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Change PSI at lower Tempratures... Use the Ideal Gas Law?

Post questions and info about combustion (flammable vapor) powered cannons here. This includes discussion about fuels, ratios, ignition systems, safety, and anything else relevant.
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Change PSI at lower Tempratures... Use the Ideal Gas Law?

Unread postAuthor: bigbadbrad » Tue Jan 22, 2008 3:03 pm

In our second generation cannon we decided to convert from Axe Body Spray to a Propane fuel. We figured a better, cleaner burning, fuel would yield us greater distances. And so far we’ve had nothing but success!! We added another barrel to the existing blast chamber (to make it a .85 ratio), added a chamber fan, updated the electrical system (of our own design) and made the necessary modifications to take the propane gas. At 74°F we can get it to fire perfectly every time.

Right now we have a bit of a problem. In southeast Texas the weather here tends to change quickly and frequently. In the afternoon on the ranch we can be comfortable at 74°F but 5 hours later we’ll be down to 45°F. When the temperature drops the starting PSI on our propane tank drops as well. And the 69 PSI previously required for optimal firing of our cannon no longer works in our blast chamber. We know we need to adjust the amount of propane in our blast chamber to compensate for the temperature change but the problem is we don’t know by how much. And we are hesitant to just start experimenting for fear of blowing ourselves up. Is there a formula we should use?

We’ve been trying to use the Ideal Gas Law (PV=nRT) but frankly none of us are math or chemistry majors. Most of us went the liberal arts route. Can you guys help?

Our gun specs are as follows.

Blast Chamber
Diameter 4”
Length 41.5”

Barrel
Diameter 3”
Length 86.8”

At 74°F it works like a champ.

THESE PSI MEASUREMENTS ARE AT THE PROPANE TANK NOT AT THE BLAST CHAMBER. These are just to help us with a starting point to develop a custom spreadsheet for temperature adjustment. If we keep the mole constant we're seeing an unusable PSI come out of the equation (when we tested the cannon with the PSI using a constant mole in teh equation and just adjusting temprature it does not result in a successful firing). I ran the equations for you to see the output with all the values for the 2 time periods we're working from. At 74°F the PSI on the propane tank read 100PSI. At 45°F (5 hours later) it read 80PSI and there had not been any propane removed and no leaks. When the temperature returned to 74° the following day the PSI again read 100. We need to know how to adjust the PSI so we get the same result (explosive force) at 45°F as we get at 74°F. We know we have to adjust the PSI for temperature. But by how much? We do not want to blow ourselves up. That's the goal.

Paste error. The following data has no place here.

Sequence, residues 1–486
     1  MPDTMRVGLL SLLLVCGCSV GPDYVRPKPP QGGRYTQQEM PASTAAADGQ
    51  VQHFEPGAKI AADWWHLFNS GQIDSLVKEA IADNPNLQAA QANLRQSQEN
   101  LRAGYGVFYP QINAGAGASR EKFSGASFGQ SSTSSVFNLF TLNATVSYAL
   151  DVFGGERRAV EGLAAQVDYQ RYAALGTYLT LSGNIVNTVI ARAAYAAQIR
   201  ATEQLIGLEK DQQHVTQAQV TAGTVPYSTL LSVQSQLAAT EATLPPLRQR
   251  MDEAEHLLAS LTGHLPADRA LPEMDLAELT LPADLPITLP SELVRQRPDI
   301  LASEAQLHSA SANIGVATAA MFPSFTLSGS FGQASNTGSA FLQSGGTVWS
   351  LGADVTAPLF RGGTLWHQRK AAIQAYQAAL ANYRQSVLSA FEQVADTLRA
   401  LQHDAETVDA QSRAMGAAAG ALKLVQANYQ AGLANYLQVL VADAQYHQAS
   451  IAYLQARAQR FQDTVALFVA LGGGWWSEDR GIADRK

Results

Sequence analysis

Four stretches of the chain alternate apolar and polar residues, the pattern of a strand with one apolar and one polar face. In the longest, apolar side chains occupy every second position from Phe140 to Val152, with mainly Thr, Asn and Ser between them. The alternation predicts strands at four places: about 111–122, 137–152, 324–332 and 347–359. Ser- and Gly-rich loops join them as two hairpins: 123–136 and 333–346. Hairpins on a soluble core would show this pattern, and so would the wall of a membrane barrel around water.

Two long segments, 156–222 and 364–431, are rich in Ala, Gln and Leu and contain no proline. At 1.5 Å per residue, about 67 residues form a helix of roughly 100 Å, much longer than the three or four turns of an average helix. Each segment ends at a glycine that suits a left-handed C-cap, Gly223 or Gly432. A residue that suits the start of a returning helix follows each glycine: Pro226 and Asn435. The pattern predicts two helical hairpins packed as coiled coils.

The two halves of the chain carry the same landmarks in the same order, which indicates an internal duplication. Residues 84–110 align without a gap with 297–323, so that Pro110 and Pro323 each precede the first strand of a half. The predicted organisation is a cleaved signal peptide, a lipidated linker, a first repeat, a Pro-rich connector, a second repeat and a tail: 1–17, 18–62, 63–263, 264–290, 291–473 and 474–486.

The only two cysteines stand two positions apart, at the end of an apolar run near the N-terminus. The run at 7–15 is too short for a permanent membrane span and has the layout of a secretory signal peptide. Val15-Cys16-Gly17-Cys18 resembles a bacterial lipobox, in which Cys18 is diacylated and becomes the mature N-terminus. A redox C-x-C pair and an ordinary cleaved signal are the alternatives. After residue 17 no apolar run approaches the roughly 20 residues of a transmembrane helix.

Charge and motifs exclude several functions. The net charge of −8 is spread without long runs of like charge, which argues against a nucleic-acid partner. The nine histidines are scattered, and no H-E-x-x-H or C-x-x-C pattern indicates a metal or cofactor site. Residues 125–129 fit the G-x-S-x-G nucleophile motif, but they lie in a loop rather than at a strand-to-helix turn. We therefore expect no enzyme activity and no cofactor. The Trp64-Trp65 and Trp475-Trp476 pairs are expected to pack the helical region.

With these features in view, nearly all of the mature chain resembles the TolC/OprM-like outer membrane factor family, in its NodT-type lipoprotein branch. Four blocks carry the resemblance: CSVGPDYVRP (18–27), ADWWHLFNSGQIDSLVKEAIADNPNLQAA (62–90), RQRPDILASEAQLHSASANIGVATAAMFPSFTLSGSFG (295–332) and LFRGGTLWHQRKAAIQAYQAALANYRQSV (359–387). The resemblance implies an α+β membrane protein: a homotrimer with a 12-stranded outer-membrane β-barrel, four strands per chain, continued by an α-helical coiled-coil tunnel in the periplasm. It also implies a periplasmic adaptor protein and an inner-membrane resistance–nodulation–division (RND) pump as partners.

PV=nRT

100PSI at 74°
P = 6.8046 atmosphere

V = 36.1978 liter

T = 296.33 kelvin

n = 10.1292 mole

R = 0.08206

80PSI at 45°
P = 5.44368 atmosphere

V = 36.1978 liter

T = 280.222 kelvin

n = 8.5692 mole

R = 0.08206
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Unread postAuthor: Hubb » Tue Jan 22, 2008 3:14 pm

This works, too.

But, with knowledge like this, your math is just fine here. Welcome to Spudfiles.
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Unread postAuthor: bigbadbrad » Tue Jan 22, 2008 4:08 pm

right. I have a meter and an automoated spreadsheet with the formulas that calculate the PSI based on meter volume and blast chamber volume. And if the temprature is between 65 and 90 we're fine. but lower than 65 and the PSI in the tank starts to drop. and thus we need a higher PSI in the chamber to get it to fire.

http://www.mrduffy.com/hpc/HPCtool2.0.xls
The fuel meter is on the second sheet if you want to take a look.

On that other post none of that takes into consideration the temprature of the propane.

As the temprature decreases the PSI needed to fire the cannon increases. but at what rate? safety is the biggest concern with a 10 foot long cannon with a 3" barrel.
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Unread postAuthor: Ragnarok » Tue Jan 22, 2008 4:17 pm

Actually, you shouldn't need to do much maths at all.
Not only is the air in the chamber denser, but so is the propane you are injecting.

But, as you seem to be having problems with the pressure dropping too low, halve the regulator pressure and inject two half lots of propane.
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Does that thing kinda look like a big cat to you?
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Unread postAuthor: bigbadbrad » Tue Jan 22, 2008 5:20 pm

I can get 69 PSI in the chamber no problem. even if I charge the meter to 80, release half of the 69 PSI, charge the meter again to 80 and release the other half its still the same problem. it won’t fire. The problem isn't getting the PSI into the chamber.

the problem is that when a gas condenses you'll need less of it.

we figured it out. and we made a tool that calculates for the change in temprature.

http://www.mrduffy.com/hpc/
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